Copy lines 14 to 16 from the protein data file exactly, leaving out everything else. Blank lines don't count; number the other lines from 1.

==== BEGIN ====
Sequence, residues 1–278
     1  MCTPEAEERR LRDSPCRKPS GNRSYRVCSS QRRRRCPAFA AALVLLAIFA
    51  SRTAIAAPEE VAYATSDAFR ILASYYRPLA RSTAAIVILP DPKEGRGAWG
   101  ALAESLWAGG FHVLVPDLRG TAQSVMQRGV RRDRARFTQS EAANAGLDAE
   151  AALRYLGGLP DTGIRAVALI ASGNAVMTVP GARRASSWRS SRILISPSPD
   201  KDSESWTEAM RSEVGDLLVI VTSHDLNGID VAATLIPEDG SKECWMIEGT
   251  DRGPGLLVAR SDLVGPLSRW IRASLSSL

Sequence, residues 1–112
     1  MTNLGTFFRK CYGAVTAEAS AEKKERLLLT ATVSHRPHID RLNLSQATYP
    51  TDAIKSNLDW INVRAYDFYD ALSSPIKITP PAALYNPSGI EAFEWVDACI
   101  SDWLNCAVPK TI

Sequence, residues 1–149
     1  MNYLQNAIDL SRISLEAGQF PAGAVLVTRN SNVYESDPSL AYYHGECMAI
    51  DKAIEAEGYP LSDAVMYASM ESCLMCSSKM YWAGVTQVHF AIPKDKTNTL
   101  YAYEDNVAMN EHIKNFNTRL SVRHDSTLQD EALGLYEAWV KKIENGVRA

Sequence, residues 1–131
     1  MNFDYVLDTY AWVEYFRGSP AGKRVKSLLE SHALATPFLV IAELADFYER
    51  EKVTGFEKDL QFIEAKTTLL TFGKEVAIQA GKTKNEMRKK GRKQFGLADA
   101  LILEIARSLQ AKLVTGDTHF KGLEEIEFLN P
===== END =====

    51  DKAIEAEGYP LSDAVMYASM ESCLMCSSKM YWAGVTQVHF AIPKDKTNTL
   101  YAYEDNVAMN EHIKNFNTRL SVRHDSTLQD EALGLYEAWV KKIENGVRA

Sequence, residues 1–131